This week we enjoyed a very informative and well-presented talk on a forgotten Antarctic explorer
Barbara originally trained as a nurse then training as a midwife first coming to Sheffield in 1971 she then worked in Switzerland and Canada returning to the city to work on the renal transplant programme after some time she then retrained and taught palliative care nursing at Hallam University. She has been a volunteer at St Luke’s for over 25 years. Barbara has had a long interest in Antarctica and her talk today gave us a detailed insight into the life of one of the main players in the initial exploration of this cold continent in the early 1900’s – one Tom Crean.
Tom was born into a poor farming family in Southern Ireland on the Dingle peninsular he was one of 10 children who lived a difficult life during the potato famine. Much to his father’s disgust Tom who had no interest in farming joined the navy. He was initially posted on HMS Ringarooma sailing to New Zealand in 1900.
When docked in Christchurch an opportunity arose to volunteer to take part in Scott’s first Antarctic Exhibition. The ship on arriving in Antarctica was marooned in the ice for 2 years. During this time the crew practiced skiing and eventually set out on foot man hauling sledges for 149 days in an attempt to reach the South Pole. This attempt was ultimately unsuccessful and the party returned to their base and eventually home where Tom who had played a major role in the expedition party who made the bid for the pole Scott, Wilson, and Crean and Shackleton having been left behind as he was suffering from scurvy.
Following this Shackleton determined to reach the South Pole and set off on a further expedition along with Tom Crean and others, getting to within 97 miles of their target before having reluctantly to turn back.
In the spring of 1909 Captain Scott out together an Expedition setting off in the Terra Nova from Cardiff travelling via Melbourne where Scott received a telegram telling him that Amundsen had set off on his attempt to reach the pole. Scott then set off but before setting off on his ultimately failed attempt had to over winter in the hut at base camp.
In April 1911 Scott chose his team however Tom was not chosen to make the final push and was left at the intermediate camp. Scott and his team as we know did not return, Tom and his companions left to return to base requiring an arduous trek of 730 miles, Evans who was part of this team got scurvy and had to be left with Tom making a solo bid to get help walking 35 miles for 18 hours through blizzard conditions with minimal food i.e. 3 biscuits.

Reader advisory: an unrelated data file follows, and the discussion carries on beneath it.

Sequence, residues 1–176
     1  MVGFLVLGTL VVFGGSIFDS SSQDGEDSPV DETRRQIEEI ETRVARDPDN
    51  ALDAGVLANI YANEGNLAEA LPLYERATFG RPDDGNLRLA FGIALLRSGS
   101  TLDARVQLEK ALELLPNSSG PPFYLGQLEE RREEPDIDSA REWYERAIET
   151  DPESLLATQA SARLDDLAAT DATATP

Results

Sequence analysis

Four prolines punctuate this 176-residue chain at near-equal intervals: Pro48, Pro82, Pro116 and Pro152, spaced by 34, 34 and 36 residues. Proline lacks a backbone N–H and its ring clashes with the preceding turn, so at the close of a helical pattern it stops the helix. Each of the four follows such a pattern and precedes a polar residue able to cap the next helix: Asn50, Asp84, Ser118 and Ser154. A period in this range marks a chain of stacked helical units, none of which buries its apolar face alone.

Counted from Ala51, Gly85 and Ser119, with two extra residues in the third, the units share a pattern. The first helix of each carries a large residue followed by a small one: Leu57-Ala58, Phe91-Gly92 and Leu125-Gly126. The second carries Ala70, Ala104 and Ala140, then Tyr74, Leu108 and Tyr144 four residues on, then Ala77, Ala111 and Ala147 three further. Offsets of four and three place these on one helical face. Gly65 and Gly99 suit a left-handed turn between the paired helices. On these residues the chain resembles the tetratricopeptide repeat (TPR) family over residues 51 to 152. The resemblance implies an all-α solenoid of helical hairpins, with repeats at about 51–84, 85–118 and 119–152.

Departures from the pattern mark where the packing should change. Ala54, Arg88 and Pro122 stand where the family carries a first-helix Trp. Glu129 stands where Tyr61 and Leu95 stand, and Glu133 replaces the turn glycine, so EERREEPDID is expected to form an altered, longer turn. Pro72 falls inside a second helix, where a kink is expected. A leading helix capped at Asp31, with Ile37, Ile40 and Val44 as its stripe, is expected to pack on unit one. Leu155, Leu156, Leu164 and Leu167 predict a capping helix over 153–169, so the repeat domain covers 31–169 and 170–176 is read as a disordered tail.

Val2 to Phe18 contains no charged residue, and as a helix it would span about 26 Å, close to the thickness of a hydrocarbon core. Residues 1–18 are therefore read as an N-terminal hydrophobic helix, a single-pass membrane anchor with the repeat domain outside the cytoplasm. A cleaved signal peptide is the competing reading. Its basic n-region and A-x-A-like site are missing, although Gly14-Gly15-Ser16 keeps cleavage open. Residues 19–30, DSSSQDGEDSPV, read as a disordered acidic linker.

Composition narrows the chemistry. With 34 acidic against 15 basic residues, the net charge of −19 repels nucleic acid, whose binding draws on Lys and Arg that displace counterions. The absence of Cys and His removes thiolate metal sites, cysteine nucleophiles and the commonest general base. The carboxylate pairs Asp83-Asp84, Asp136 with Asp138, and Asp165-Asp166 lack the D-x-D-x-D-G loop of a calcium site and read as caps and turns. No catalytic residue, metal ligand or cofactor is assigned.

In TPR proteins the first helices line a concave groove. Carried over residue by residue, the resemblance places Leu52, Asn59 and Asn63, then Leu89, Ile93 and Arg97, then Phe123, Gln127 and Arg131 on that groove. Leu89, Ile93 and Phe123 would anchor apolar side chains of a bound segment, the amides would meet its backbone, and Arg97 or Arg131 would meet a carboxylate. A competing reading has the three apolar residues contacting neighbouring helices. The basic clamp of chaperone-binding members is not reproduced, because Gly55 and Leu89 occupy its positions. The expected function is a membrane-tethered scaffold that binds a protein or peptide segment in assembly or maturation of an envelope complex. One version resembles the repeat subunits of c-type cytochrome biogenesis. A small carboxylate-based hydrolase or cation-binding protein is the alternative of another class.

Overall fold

Evans was rescued the herculean effort by Tom being recognised on their return home with The Albert Medal (now The George Cross). In the summer of 1913 Tom returned to Ireland and bought a pub however Shackleton was putting together the Imperial Trans-Antarctic Expedition 1914-1917. Setting off in The Endurance via South Georgia arriving in Antarctica once again the ship became ice bound. Tom as part of his duties was responsible for the dogs that they had been taking for sledge hauling and became very attached to them.
The ship eventually broke up and sank the party being left with only 3 lifeboats. Shackleton knew that they had to search for help and rescue and a small party was put together and the three boats set off for South Georgia a mere 800 miles across open ocean with only basic navigation equipment. They eventually landed but on the wrong side of the island this necessitating another long march in harsh surroundings requiring steep and difficult climbs and descents through waterfalls arriving at Stromness then via Port Stanley and Punta Arenas, the Yelcho then set off to recover the remaining crew in Antarctica. Most amazingly no members of the party lost their lives and this is one of the most heroic rescues of recent times.
When Tom got back home he re-joined the navy and in Sept 1917 married Nell with whom he had 3 children. Tom opened his pub but his heart was not really in it and it was run in large part by his wife, Tom spending much of his time walking in the hills with his beloved dogs. Tom also spent time building his own tomb where he is now buried following his death in July 1937 of appendicitis. Nell his wife died in 1968.
A brave and heroic man whose story was excellently presented by Barbara a talk that was much appreciated by all.
(Photos courtesy of Wikipedia.)